Levant & Mesopotamia
“Various Iraqi governments employed brutal methods against the Kurds: Denial of Kurdish identity, de-Kurdification, oppression, the creation of security belts, transfer of population, and, in some cases, even ethnic cleansing.” Introduction For the greater part of the twentieth century, the Kurdish society of Iraq had been systematically oppressed by the Sunni Arab political leaders, who attempted to embed a homogenous Sunni Iraqi identity. This process of marginalization of the Kurdish identity started with the creation of the Iraqi state in 1921 and persisted until the overthrow of Saddam’s regime by US-led coalition forces in 2003. The main question here is: Why did…
The phenomenon of the Islamic State (ISIS) has deepened and worsened the instability and tensions among states in the Middle East. According to some political observers, the spread of ISIS in Syria and Iraq will transform the current political landscape of the Middle East. Today, the Kurds in both countries play a significant role all through this process. They have established strong relations with global powers so as to counter terrorism, while defending their position from ISIS attacks ever since their beginning in June 2015.
On Saturday, 06 May 2017 starts yet another effort to stop some of the carnage in Syria – the establishment of four what the Russians are calling “de-escalation” zones, a variation of no-fly zones.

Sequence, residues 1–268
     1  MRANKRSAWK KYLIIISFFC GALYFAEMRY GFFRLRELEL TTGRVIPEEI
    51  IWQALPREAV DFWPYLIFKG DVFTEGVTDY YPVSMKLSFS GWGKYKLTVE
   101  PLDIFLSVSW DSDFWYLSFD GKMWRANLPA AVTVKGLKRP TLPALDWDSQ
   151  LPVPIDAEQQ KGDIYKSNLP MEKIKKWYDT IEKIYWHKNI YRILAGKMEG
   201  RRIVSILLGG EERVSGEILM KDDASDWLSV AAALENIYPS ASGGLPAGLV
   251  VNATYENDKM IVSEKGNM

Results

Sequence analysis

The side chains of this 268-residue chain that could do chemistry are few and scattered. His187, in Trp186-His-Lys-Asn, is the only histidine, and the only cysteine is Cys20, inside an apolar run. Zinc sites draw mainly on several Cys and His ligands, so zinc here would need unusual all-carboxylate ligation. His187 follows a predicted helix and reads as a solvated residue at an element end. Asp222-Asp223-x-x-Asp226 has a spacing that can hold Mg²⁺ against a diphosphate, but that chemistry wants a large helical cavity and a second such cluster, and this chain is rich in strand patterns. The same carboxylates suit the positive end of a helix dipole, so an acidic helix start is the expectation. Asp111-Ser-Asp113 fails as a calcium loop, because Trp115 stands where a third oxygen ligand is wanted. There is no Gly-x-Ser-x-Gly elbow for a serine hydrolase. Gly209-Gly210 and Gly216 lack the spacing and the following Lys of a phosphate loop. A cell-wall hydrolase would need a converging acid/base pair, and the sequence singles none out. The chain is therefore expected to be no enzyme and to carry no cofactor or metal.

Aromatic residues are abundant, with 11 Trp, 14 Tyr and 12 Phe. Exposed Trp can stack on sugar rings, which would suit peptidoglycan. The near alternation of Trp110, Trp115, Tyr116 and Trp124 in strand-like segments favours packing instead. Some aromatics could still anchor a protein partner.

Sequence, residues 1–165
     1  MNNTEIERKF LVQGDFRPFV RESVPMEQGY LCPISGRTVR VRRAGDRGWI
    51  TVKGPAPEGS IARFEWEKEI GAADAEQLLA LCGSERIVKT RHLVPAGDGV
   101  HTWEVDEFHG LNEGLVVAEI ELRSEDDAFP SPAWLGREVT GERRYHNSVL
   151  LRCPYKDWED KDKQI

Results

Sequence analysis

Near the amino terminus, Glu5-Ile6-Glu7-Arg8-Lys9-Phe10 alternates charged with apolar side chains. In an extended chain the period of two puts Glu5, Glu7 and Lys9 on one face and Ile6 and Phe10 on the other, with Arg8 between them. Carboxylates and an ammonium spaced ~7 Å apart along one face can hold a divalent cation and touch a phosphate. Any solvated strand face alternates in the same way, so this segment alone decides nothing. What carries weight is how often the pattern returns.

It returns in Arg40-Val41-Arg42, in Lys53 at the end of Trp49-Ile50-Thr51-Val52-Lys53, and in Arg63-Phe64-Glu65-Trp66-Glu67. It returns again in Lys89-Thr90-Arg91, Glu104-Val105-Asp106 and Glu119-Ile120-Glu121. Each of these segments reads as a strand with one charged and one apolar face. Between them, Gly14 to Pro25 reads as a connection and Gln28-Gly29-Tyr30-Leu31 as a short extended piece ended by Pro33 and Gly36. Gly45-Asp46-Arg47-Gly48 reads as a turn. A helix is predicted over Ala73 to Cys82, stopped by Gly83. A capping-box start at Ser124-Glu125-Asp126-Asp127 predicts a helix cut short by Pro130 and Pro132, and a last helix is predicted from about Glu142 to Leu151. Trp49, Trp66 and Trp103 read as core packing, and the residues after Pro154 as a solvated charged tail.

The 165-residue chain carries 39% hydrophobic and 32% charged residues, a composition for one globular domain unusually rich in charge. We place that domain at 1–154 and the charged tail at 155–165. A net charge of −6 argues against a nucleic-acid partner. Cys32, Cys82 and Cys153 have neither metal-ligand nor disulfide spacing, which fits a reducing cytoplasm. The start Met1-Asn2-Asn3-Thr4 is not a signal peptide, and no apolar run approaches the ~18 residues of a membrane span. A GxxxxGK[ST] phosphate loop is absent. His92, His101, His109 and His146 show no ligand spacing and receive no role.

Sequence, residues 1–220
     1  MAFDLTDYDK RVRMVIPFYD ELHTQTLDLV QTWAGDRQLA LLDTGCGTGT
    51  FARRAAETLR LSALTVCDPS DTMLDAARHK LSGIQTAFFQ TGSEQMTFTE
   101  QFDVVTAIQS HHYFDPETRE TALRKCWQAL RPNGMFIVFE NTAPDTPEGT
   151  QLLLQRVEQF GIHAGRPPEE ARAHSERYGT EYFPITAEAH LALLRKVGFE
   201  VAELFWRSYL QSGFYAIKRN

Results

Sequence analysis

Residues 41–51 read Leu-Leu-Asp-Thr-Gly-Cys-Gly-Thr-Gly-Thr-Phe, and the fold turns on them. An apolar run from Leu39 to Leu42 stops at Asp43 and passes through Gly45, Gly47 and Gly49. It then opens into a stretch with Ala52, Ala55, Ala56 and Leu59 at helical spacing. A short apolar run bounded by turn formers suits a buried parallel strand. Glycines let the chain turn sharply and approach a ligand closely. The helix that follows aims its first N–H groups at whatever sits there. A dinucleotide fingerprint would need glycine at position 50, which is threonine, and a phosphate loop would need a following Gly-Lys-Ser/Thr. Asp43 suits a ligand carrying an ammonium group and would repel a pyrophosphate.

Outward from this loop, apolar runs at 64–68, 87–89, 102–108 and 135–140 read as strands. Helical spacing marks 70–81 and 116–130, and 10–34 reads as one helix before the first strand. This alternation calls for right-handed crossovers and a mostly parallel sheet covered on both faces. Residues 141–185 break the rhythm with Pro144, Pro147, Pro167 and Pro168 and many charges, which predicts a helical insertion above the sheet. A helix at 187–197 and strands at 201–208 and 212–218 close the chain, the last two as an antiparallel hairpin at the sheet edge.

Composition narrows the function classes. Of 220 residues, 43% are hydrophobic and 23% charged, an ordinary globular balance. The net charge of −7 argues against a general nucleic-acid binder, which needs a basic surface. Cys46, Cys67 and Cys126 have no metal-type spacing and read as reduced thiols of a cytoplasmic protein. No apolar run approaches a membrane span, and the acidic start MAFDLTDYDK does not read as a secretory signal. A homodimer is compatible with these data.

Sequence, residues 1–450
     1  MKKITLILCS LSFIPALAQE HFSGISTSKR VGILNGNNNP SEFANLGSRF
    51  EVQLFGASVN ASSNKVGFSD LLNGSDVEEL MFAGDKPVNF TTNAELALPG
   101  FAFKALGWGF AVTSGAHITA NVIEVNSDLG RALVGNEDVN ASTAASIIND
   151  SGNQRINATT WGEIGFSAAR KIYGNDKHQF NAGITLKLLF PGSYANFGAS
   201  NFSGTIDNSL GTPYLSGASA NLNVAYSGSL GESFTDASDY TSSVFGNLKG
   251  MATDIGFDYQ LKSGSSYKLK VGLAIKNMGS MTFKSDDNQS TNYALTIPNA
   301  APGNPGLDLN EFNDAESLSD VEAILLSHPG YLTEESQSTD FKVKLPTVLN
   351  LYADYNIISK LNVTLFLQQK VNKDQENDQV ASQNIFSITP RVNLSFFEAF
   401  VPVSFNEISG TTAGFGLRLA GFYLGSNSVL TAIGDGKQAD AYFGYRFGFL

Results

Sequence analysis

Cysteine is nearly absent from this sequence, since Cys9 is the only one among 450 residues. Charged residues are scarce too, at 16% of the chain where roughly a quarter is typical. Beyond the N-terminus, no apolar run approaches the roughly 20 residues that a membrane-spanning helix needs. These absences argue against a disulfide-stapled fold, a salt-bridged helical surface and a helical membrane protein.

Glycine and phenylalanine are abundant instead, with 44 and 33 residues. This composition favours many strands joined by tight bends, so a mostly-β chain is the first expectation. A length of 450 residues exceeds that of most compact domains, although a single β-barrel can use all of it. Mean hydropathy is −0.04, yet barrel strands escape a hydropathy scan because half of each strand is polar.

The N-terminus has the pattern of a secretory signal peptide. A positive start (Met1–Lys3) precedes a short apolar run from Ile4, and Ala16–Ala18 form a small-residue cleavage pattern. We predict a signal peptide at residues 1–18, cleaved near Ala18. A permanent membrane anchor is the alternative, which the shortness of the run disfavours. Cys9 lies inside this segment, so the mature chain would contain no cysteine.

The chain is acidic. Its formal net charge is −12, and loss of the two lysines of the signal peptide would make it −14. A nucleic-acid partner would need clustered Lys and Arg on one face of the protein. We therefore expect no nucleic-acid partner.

Most of the states in the regions of West Asia and North Africa have failed in nation building processes. Failure of state systems and lack of national identity have led to catastrophic dilemmas in the region, one of which is the emergence of ISIS (Islamic State in Syria and Iraq). While similar dilemmas could re-emerge in the region, especially Iraq, it becomes vital to ask if there is a detectable pattern, in which terrorist groups like ISIS thrive.
Desperate Syrian refugees in Lebanon are having to sell their body organs to support themselves and their families, an investigation into organ trafficking revealed earlier this week.
Lebanon’s president, Michel Aoun, is a fervent Hezbollah supporter; Lebanon’s prime minister, Saad Hariri, most certainly is not. Hariri’s position is scarcely surprising, since he has every reason to believe that back in 2005 his father, Rafik, was brutally assassinated by Hezbollah operatives, acting on the orders of Syria’s President Bashar al-Assad.
That the United States launched 59 missiles targeting an Assad military base in Syria after the chemical attack on Khan Sheikhoun remains a chance for eradicating militants’ sphere of influence across Syria. In other words, decreasing Assad’s power on the ground increases an onset for a serious political solution for the Syrian conflict.
“Kill or be killed.” This is Bashar Assad’s bitter dichotomy. While the Assad regime has lost tens of thousands of soldiers, tens of thousands more have been forced to fight in the army alongside Assad’s foreign fighters and militias. Many others, however, choose to flee.
As the Syrian Army consolidates its gains following its success in retaking the city of Aleppo, it is slowly turning its attention to Idlib Governorate, the next major stronghold of the various opposition groups. Idlib has become the new centre of the Syrian revolution.